In Europe, they now have a "right to repair" law, as one reader alerted me. This sounds like a good deal for consumers and better for the environment. But again, when you factor in the labor costs, often at $100 an hour or more (with $100 just to drive out to your home), the idea of repairing a $600 washing machine seems, well, short-sighted. The problem is, the cost of labor to repair is about ten times more the cost of labor to manufacture. In the time it takes for a repairman to drive to your house, diagnose the problem with your washing machine, get the parts (which may require they be ordered, or a second trip to the house) and then install them, a factory worker could have assembled ten washing machines - or maybe twenty. Repair is always more costly than manufacture, and the resulting repair will not last as long as new machine would.
Again, the Weibull curve kicks in. Certainly a consumer should expect his appliance to last more than a year or two - which is why we have warranties. And the first year or so is the time when manufacturing defects and "infant mortality" become apparent. So manufacturers cover this part. The next few years are the most reliable time, with few failures, as the parts are all working and have yet to wear out. But the end-of-life time is when it gets dicey. It is tempting to "repair" an old washer or dryer (and I have hired people to do this, and also attempted repairs myself) but the costs involved usually come very close to half the replacement cost of the appliance in question. You'd be better off applying that money toward a new machine.
Or, as we did in Alexandria, we found used GE washers and dryers for $200 (sometimes for the pair!) in the "Pennysaver" all day long. People move away and need to get rid of appliances, and often they will "deal" with a nearly-new appliance they just want out of their garage.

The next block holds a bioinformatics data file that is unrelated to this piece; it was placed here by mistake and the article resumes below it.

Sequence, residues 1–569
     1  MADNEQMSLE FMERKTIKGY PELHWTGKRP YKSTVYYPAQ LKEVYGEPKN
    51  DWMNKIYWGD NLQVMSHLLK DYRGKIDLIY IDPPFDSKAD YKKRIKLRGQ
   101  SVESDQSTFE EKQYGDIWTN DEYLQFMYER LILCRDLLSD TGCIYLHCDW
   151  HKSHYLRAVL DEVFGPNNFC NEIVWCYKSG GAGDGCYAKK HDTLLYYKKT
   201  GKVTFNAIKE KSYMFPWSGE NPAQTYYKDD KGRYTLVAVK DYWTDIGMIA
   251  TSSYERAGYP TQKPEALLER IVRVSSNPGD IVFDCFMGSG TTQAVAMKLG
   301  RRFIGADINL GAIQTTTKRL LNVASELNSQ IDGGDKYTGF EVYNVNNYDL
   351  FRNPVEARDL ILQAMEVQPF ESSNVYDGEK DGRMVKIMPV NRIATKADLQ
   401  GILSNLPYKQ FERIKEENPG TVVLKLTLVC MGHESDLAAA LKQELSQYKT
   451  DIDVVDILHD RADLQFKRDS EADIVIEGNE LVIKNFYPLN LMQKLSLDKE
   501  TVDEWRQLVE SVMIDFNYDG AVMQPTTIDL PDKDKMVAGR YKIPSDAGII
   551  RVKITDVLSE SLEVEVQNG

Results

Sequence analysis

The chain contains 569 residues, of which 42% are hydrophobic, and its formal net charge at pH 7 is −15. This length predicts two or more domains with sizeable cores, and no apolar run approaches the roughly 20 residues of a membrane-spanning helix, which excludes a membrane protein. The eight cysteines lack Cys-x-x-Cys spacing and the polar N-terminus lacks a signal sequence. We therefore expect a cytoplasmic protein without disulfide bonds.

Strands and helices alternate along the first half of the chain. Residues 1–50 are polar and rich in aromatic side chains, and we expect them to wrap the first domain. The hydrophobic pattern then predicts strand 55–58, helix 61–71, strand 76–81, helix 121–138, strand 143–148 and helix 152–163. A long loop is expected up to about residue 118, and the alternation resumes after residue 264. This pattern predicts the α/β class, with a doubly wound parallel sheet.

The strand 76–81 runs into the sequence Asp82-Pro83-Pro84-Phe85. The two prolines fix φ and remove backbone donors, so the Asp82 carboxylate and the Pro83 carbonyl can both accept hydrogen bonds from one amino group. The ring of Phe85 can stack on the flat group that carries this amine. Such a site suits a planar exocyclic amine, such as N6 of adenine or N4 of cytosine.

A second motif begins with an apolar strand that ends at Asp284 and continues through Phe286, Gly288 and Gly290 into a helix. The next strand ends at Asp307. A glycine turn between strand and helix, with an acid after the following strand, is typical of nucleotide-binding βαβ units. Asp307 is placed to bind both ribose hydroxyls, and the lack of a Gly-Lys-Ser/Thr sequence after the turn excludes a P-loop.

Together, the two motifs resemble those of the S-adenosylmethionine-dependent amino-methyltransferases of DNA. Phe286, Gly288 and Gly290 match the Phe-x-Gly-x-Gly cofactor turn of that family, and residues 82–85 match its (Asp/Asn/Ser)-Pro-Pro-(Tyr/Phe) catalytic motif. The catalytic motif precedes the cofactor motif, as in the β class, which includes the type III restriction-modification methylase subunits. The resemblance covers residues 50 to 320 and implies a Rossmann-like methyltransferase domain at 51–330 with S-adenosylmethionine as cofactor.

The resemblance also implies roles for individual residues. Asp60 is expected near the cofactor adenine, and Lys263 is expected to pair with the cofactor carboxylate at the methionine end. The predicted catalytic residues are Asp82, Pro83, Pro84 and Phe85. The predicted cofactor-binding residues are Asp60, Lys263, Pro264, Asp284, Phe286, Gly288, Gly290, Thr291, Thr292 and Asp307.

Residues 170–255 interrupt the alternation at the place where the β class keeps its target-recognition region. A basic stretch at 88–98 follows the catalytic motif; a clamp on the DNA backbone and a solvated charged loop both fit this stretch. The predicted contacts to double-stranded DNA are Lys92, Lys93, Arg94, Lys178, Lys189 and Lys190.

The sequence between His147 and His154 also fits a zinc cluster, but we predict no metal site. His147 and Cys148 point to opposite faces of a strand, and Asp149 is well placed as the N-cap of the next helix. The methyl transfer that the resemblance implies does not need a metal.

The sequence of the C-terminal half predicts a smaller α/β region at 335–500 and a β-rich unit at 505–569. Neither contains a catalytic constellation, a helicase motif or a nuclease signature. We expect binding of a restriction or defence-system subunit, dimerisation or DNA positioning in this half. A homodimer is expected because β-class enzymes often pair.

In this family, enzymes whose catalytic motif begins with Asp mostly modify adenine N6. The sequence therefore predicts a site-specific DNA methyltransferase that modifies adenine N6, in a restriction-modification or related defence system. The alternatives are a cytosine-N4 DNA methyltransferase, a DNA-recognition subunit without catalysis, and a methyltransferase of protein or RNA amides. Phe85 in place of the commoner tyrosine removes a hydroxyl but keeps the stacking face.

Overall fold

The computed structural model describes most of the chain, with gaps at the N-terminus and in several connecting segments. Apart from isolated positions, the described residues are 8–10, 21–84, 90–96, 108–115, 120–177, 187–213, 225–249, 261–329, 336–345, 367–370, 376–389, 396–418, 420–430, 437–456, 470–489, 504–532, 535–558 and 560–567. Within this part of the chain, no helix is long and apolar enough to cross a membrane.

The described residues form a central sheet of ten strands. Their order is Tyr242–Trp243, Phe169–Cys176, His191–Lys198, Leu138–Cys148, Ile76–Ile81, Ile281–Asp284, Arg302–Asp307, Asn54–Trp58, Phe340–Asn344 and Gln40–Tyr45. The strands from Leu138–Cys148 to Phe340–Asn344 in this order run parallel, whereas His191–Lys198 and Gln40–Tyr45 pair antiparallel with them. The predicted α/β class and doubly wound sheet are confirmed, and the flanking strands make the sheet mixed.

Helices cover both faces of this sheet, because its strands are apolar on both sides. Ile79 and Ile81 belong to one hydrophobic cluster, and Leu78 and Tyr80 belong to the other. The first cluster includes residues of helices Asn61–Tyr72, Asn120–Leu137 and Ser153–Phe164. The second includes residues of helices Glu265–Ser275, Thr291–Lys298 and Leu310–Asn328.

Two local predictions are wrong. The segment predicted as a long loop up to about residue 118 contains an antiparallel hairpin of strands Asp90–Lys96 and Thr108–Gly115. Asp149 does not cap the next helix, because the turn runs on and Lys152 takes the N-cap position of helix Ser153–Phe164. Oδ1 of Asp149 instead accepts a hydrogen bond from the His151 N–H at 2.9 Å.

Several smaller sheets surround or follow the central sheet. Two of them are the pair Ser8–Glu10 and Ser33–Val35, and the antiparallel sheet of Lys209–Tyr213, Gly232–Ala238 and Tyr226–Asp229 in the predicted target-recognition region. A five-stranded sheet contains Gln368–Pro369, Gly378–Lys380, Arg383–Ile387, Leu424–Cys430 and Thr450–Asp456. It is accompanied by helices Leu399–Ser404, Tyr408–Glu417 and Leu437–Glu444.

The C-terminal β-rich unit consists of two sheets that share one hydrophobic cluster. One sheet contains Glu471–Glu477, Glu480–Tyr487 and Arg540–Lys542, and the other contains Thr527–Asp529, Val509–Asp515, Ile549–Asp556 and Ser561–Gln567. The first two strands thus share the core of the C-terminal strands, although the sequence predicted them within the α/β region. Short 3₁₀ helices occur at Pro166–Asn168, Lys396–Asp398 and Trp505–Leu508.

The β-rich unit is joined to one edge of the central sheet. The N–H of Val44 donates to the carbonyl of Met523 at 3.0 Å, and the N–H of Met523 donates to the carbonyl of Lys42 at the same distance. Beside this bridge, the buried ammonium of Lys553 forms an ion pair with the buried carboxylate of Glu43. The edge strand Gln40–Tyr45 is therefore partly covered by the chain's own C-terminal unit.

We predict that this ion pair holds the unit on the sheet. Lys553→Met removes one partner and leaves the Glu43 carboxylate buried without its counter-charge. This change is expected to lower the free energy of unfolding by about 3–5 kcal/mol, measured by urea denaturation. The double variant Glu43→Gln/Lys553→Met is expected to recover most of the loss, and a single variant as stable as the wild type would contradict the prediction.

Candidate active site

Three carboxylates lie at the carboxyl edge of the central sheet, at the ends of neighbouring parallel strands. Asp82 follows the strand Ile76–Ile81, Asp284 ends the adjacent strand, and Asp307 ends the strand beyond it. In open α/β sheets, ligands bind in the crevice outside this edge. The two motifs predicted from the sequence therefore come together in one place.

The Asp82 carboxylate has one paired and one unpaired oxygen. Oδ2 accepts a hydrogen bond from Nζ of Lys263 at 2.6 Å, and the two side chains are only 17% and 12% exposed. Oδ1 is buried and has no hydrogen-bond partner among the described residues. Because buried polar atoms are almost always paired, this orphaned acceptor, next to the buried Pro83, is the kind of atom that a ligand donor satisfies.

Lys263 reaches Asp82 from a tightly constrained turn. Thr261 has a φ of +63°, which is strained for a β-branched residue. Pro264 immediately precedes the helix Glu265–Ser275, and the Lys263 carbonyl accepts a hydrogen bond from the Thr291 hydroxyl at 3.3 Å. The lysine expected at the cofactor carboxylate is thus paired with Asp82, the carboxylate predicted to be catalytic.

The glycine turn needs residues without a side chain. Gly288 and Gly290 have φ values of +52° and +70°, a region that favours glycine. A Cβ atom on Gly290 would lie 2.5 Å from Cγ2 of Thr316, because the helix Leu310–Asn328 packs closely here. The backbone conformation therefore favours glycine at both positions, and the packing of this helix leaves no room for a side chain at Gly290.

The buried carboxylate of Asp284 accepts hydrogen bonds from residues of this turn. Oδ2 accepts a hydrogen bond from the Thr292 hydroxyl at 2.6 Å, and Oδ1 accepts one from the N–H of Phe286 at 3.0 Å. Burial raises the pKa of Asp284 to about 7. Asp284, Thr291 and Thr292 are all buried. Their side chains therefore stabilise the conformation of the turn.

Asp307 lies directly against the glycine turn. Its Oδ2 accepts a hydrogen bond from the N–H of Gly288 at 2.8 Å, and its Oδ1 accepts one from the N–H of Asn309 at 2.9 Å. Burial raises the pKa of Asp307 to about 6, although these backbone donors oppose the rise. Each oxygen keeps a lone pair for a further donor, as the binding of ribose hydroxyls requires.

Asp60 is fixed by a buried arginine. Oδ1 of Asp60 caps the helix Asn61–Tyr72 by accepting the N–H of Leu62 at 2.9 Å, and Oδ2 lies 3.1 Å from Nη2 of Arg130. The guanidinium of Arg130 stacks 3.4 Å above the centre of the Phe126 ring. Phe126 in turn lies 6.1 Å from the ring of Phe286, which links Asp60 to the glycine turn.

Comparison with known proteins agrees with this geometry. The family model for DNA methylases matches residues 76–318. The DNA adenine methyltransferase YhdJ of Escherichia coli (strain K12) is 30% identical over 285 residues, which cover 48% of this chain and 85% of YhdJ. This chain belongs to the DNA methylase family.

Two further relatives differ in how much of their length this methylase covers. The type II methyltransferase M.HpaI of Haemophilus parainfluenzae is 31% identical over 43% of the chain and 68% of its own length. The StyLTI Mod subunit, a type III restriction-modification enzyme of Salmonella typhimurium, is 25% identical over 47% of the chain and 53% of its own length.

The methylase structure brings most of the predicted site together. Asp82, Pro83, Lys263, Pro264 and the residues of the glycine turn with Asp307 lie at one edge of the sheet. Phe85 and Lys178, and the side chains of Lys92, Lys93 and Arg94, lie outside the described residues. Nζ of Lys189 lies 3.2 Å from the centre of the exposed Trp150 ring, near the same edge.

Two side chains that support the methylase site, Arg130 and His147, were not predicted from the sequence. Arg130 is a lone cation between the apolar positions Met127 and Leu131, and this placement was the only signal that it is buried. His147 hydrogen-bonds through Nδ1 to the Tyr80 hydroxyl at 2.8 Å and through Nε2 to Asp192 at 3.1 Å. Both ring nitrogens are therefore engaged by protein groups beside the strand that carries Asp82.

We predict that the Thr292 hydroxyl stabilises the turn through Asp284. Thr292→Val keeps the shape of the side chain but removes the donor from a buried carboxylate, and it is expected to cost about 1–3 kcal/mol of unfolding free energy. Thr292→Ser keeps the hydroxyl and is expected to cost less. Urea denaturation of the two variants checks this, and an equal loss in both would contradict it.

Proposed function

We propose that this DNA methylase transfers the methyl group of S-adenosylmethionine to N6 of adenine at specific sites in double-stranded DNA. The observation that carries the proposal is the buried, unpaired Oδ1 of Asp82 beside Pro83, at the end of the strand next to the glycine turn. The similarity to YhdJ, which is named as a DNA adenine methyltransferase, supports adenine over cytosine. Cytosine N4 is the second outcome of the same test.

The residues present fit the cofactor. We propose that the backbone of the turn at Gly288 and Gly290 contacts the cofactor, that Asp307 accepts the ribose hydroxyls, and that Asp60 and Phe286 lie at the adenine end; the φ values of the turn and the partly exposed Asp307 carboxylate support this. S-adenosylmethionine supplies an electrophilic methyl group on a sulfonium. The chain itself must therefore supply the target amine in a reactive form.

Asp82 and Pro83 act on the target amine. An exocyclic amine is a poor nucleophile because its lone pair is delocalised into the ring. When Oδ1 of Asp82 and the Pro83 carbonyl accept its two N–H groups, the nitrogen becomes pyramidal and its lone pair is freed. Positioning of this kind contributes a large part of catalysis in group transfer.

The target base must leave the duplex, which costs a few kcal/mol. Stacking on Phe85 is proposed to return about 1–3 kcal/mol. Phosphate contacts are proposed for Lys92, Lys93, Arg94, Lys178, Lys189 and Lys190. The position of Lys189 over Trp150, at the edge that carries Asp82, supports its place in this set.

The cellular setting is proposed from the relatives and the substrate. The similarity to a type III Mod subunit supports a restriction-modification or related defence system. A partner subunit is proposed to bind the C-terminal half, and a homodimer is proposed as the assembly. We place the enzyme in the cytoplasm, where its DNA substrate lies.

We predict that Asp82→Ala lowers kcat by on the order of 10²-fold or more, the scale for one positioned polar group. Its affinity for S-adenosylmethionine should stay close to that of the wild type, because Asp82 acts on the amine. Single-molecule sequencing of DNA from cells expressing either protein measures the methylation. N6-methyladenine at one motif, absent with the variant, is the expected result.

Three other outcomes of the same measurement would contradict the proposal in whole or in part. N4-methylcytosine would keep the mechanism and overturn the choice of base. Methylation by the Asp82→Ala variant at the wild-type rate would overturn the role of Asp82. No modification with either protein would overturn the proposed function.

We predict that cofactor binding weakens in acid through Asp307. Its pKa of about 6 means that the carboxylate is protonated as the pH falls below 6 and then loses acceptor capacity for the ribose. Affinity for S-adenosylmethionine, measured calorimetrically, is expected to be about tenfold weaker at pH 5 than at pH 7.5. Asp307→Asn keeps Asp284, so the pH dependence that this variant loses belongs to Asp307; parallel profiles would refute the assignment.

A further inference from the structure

You can argue all day long about how repairing something is saving the environment or whatever. But when you get down to it, it is your pocketbook that is paying here. And what I see happening with many poorer or uninformed people, is that they throw a couple hundred dollars at an end-of-life appliance, because they "can't afford" a new one. A few months or years later, the mended appliance breaks again - and they throw more money at it (and by the way, cars are appliances too, so this applies there as well). Before long they've spent more "mending" an end-of-life appliance than they would have spent buying new. It is like the lady with the used tires - she spends more on them than she would on a new set.
I wish this all wasn't so. But the alternative is to go back to the olden days when appliances and whatnot were staggeringly expensive. Back then, there was a supply of cheap parts - and a guy in town who repaired lawn mowers, and another guy who repaired vacuum cleaners, and so on and so forth. That was then, this is now. Stuff is made so cheaply in China, that the cost of even a simple repair often exceed 50% or more of the purchase price of the same item, new.
With cars, often repairs exceed the resale value of the car. When that happens, well, it might be time to just pack it in, even if the car still "looks good". Yes, we've come a long way in terms of rust-proofing cars, and today, cars in the junkyard look great, even if they have blown engines and transmissions. That doesn't mean they aren't junk.